AstraZeneca has won FDA approval for its advanced bladder cancer candidate Imfinzi™ (durvalumab), which the pharma giant declared will be the cornerstone of an “extensive” immuno-oncology program across multiple cancer types and stages of disease.

Imfinzi is a human monoclonal antibody designed to work by blocking programmed death ligand-1 (PD-L1) interaction with both programmed cell death protein 1 (PD-1) and CD80 on T cells, countering the tumor's immune-evading tactics and activating the patient's immune system to attack the cancer.

Imfinzi is indicated for patients with locally advanced or metastatic urothelial carcinoma (mUC) who have disease progression during or following platinum-containing chemotherapy, or whose disease has progressed within 12 months of receiving platinum-containing chemotherapy before (neoadjuvant) or after (adjuvant) surgery.

AstraZeneca acknowledged that continued approval for that indication may hinge upon verification and description of clinical benefit in confirmatory trials.

The FDA approved Imfinzi under its accelerated approval pathway, based on tumor response rate and durability of response data from a single Phase I/II trial.

Study 1108 assessed the safety and efficacy of Imfinzi in patients with locally advanced or metastatic urothelial carcinoma of the bladder. Patients had progressed while on or after a platinum-containing chemotherapy, including those who progressed within 12 months of receiving therapy in a neoadjuvant or adjuvant setting. 

Imfinzi showed an objective response rate (ORR) of 17.0% in all evaluable patients, regardless of PD-L1 status, and 26.3% in patients with PD-L1 high-expressing tumors, AstraZeneca said. PD-L1 high was defined as 25% of tumor cells (TC) or tumor-infiltrating immune cells (IC) expressing membrane PD-L1 if ICs involved >1% of the tumor area, or TC25% or IC=100% if ICs involved 1% of the tumor area.

Approximately 14.3% of all evaluable patients achieved partial response and 2.7% achieved complete response. Of patients who had received only neoadjuvant or adjuvant therapy prior to trial entry, 9 patients (24%) responded. Based on a secondary endpoint in this single-arm trial, median time to response was 6 weeks.

Among the total 31 responding patients, 14 patients (45%) had ongoing responses of 6 months or longer, while 5 patients (16%) had ongoing responses of 12 months or longer.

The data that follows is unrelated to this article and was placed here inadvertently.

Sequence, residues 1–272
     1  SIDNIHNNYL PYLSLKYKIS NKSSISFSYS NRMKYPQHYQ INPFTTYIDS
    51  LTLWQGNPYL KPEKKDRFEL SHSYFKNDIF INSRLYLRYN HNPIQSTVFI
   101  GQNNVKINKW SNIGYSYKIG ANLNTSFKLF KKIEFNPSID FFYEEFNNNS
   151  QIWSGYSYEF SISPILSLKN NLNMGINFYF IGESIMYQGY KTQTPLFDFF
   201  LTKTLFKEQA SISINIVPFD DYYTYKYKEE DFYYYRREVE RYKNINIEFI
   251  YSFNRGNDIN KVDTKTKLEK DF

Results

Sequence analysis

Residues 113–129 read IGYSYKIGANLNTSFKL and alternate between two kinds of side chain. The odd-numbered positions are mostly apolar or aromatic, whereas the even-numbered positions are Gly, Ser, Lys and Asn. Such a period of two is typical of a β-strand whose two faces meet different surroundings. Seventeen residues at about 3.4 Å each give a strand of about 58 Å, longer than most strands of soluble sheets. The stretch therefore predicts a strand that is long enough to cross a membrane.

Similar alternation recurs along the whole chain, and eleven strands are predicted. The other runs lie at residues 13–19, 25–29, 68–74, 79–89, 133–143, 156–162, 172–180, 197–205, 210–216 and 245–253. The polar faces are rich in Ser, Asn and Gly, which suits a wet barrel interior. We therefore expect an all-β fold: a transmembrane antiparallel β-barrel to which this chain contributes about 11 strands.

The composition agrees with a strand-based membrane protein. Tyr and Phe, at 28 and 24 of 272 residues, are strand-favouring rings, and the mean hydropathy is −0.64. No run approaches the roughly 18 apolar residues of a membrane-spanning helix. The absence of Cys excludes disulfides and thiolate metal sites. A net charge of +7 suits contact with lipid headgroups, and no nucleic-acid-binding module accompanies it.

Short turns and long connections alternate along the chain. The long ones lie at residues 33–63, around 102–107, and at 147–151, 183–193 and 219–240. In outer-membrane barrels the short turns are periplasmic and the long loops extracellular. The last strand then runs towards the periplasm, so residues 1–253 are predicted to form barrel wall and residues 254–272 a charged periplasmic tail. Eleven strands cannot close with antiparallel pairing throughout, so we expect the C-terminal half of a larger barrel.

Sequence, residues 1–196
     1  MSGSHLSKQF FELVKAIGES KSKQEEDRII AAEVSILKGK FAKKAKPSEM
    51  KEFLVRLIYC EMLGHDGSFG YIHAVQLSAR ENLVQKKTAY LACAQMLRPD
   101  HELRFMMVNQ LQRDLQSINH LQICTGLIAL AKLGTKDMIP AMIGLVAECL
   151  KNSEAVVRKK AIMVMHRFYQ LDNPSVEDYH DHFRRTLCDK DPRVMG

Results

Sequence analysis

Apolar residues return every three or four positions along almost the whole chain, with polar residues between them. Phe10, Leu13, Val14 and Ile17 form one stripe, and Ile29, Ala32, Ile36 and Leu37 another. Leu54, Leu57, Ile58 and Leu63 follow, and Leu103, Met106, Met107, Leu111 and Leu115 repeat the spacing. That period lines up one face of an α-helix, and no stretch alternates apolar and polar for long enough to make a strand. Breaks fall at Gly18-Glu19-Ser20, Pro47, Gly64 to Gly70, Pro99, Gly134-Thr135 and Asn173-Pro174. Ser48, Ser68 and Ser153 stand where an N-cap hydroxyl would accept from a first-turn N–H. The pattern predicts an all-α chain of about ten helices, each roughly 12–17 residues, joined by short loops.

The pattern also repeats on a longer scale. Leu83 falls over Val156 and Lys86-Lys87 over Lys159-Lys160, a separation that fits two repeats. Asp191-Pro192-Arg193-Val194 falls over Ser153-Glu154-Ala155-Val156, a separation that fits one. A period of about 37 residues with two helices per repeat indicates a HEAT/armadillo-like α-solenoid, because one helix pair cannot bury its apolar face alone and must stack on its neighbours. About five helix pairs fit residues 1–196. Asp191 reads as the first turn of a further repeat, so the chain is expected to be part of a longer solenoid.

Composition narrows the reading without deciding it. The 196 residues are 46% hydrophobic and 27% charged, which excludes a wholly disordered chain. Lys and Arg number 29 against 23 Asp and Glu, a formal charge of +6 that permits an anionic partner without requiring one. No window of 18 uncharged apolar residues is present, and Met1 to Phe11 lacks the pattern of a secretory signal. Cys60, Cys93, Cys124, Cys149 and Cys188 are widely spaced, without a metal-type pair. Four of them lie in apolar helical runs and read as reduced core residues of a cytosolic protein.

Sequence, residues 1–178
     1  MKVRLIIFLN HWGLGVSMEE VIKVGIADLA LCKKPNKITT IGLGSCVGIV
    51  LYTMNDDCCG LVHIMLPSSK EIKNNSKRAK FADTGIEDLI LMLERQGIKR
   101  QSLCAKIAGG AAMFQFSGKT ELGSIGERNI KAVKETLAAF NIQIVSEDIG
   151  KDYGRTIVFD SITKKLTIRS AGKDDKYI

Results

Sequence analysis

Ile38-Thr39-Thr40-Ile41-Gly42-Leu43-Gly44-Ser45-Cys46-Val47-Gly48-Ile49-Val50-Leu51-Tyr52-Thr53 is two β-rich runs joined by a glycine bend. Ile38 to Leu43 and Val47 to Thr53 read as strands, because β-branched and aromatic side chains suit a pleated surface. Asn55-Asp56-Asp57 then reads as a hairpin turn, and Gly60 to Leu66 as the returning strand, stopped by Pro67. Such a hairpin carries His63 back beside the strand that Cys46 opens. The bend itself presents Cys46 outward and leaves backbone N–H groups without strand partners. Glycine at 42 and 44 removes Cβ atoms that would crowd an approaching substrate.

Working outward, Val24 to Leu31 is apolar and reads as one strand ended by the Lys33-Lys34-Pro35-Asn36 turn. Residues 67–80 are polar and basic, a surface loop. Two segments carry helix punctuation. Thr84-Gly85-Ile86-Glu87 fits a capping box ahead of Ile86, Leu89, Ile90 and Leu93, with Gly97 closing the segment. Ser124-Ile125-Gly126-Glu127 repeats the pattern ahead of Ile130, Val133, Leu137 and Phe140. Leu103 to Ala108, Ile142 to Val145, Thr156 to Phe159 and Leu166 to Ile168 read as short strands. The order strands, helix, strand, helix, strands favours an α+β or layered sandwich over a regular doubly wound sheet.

Imfinzi is also under study in the Phase III DANUBE trial as first-line treatment in urothelial cancer as monotherapy, and in combination with tremelimumab.

“This first approval for Imfinzi is an important milestone in our return to growth and brings us another step closer to our goal of redefining the way cancer is treated,” AstraZeneca CEO Pascal Soriot said in a statement. “Imfinzi is the cornerstone of our extensive Immuno-Oncology program, in development across many tumor types, as monotherapy and in combination.”

That program also includes the closely-watched Phase III global MYSTIC study assessing the combination of Imfinzi and tremelimumab, a selective human antibody directed against cytotoxic T- lymphocyte-associated protein 4 (CTLA-4)—a similar treatment approach to Bristol-Myers Squibb’s marketed cancer immunotherapy Yervoy® (ipililumab).

In January, AstraZeneca added as endpoints to MYSTIC overall survival (OS) and progression-free survival (PFS) in durvalumab monotherapy. The trial is now designed to assess PFS and OS in patients with PD-L1-expressing tumors for both durvalumab monotherapy and the combination of durvalumab + tremelimumab, as well as in “all comers” patients for the combination versus standard-of-care chemotherapy.

AstraZeneca has said it anticipates releasing MYSTIC PFS data in mid 2017 and final OS data in 2018 at the latest. MYSTIC also includes several undisclosed interim analyses for OS.








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